Keyed Up

Portugal was amazing and fantastic, and I will write what I hope to be the first of many posts praising Lisbon and Sintra soon. First, though, I have a question. It is a basic tenet of our marriage that we tie our own shoelaces. I mean that in the metaphorical sense, of course; we work together to keep track of Maggie’s needs and her various accessories and this goes double for when we travel. But the location of my wallet? My problem, not Tom’s. His toothbrush? He’s a big boy and I’m not reminding him to pack it.

Now that you have that background, I shall bring you to the baggage claim area this evening at Manchester Airport as we were awaiting delayed luggage. We had to check one of the bags in order to bring our wine home (did I mention Portugal was amazing? Their wines certainly are) and well…some drama unfolded. Names have been omitted for the sake of debate; you make the final call as to who was right. Actually, as you will read, which person was LEAST wrong?

Person A, realizing there might be the possibility for lost luggage, has a thought: “Person B, the future of our marriage will depend on your answer to this question: are the car keys in the checked bag?”

Person B: “…They are.”

Person A: “You may be hearing from my attorneys.”

Person B: “Well, the better question is: where are YOUR keys?”

Person A, thunderstruck: “At HOME.”

From there the discussion became less civilized so I will summarize the players’ positions thusly:

Person A was appalled and amazed by the breathtaking display of stupidity committed by Person B. Person A equates putting car keys–the only way to start the car that will take you home–into a checked bag to be on par with putting one’s wallet, an engagement ring or family heirloom, or passports in the checked bag. It is Not To Be Done, EVER, because airlines are untrustworthy and lose things. Person A’s final conclusion was that the obvious wrongness of this act was so…well…OBVIOUS that it need not be mentioned to Person B when organizing luggage.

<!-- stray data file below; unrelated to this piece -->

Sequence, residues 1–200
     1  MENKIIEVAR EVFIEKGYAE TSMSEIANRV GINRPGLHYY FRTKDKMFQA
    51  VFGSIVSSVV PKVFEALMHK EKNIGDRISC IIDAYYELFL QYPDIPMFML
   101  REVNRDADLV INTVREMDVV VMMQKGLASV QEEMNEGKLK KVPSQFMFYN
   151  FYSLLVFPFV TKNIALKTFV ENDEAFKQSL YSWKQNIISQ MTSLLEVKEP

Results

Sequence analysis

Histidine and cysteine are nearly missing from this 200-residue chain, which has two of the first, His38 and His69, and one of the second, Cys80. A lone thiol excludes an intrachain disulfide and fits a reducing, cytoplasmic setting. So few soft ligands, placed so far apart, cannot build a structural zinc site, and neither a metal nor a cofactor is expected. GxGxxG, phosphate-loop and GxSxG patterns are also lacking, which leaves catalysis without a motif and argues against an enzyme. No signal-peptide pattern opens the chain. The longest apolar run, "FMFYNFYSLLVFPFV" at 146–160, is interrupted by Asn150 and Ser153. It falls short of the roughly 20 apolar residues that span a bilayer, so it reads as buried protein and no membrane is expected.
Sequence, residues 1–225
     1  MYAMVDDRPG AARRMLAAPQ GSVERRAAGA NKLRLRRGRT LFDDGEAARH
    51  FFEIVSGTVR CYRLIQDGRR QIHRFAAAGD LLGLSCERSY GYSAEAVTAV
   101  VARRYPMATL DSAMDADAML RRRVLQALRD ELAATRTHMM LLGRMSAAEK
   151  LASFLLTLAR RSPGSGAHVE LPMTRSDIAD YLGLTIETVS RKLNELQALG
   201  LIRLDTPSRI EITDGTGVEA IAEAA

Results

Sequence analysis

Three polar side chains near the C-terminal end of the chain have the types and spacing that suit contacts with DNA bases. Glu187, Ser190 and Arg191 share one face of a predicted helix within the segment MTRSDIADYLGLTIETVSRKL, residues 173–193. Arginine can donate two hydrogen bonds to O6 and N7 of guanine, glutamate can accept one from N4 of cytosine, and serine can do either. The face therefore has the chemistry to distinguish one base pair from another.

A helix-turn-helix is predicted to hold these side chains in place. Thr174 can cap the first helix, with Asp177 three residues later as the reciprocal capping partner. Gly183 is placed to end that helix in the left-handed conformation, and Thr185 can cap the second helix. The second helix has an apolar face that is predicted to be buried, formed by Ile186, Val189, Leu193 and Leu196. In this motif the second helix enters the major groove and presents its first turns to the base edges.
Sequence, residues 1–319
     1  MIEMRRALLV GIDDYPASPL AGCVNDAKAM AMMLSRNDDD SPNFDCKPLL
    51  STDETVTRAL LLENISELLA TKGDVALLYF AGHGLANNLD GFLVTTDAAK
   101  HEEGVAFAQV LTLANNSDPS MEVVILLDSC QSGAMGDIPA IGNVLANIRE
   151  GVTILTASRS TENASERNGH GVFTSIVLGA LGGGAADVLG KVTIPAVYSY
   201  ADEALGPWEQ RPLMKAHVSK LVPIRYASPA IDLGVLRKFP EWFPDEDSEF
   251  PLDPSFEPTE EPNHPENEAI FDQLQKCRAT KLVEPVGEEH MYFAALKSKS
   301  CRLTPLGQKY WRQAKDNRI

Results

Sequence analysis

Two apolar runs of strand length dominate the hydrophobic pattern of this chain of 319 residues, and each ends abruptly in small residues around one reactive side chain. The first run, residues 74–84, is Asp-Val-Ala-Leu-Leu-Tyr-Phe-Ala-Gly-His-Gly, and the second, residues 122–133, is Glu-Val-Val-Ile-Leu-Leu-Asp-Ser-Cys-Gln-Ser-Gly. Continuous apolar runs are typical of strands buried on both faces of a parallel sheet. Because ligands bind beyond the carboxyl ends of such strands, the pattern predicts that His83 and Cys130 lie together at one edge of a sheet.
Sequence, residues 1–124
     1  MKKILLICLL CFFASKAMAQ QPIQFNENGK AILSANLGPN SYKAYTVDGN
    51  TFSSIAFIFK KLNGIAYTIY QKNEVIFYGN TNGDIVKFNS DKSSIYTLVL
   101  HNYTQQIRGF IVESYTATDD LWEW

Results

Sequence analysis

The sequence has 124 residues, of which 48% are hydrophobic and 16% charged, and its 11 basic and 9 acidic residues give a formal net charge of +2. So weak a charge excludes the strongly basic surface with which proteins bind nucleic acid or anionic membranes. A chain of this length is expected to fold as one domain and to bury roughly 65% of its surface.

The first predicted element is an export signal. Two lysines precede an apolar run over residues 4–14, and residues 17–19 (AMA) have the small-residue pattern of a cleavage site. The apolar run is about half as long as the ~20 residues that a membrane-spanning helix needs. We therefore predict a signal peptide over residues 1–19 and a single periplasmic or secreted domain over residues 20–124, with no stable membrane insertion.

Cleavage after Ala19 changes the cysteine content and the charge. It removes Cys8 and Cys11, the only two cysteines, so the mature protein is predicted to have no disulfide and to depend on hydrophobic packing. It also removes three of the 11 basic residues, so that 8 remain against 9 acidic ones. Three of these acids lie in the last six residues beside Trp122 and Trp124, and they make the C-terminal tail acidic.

Person B was similarly horrified by the breathtaking display of stupidity perpetrated by Person A. One should NEVER leave the house without a backup plan. To only have one set of car keys–did I mention this was the only way to start the car that will take you home–shows an inexcusable lack of planning and foresight. It should go without saying that Person A, while not the one who drove to the airport initially, should be carrying a set of keys as backup in case something should happen to Person B’s keys. To disregard the need for a backup plan is shocking and dangerous.

As it turned out, the bag was retrieved and all was right with the Monkey Family. I have no intention of revealing who was Person A and who was Person B but I will note that while Tom does drive often, I also mitigate the risk of motion sickness by being the driver when I can. Don’t assume. πŸ™‚ We made it home okay and concluded that we both screwed up–Person A will always carry a spare set of keys and Person B will never again check a bag without moving such an important item to carryon.

But since we argued about it for a good bit, I am taking it to the public: was one of us obviously MORE wrong? Is it possible that one of us may have been in the right?


6 thoughts on “Keyed Up

  1. I admit that I think both could be called at fault for certain things,especially since both T & I are planners and always have a back-up. (In fact, we both carry sets of keys specifically for the what-if-we-get-separated situation…) but… seriously, one should never stow anything of great value or importance in the checked luggage. I assume anything I check with an airline is lost until further notice. if it shows up again on the other end, lucky me! Imagine my joy each time a bag actually shows up where it’s scheduled to.

    As a side note, supposedly the success rate of airlines delivering luggage is about 99.3% or something… unfortunately, doesn’t feel like you’re in the small percentage whose bags are lost?

      • Hah! Would not have worked, sadly; no car seat (in the locked car). πŸ™‚ I think it is worth mentioning that neither A or B had any *intent* here; B was wiped from the rigors of traveling for 7 hours (with five more to go) with a toddler and A simply forgot.

  2. Person A is without a doubt in the right. Because whomever had the keys last is responsible for them, and why take 2 sets when traveling, just more to lug around or lose.

    • I would agree- never put cameras, medication, passports or car keys in checked luggage— ever. I usually ask the boyfriend ” we taking your keys or mine” and whose ever we take is responsible for the safe keeping of said keys for the duration of the vaca

  3. I know I’m late to this party, but I have to say I’ve never brought a spare set of keys on a trip. Of course, I live close enough to other family members who can provide a spare key/ride/crash pad in case all hell breaks loose. That having been said, as soon as I’m done with my keys they go on the clip in my carry-on backpack and don’t move until I get home.

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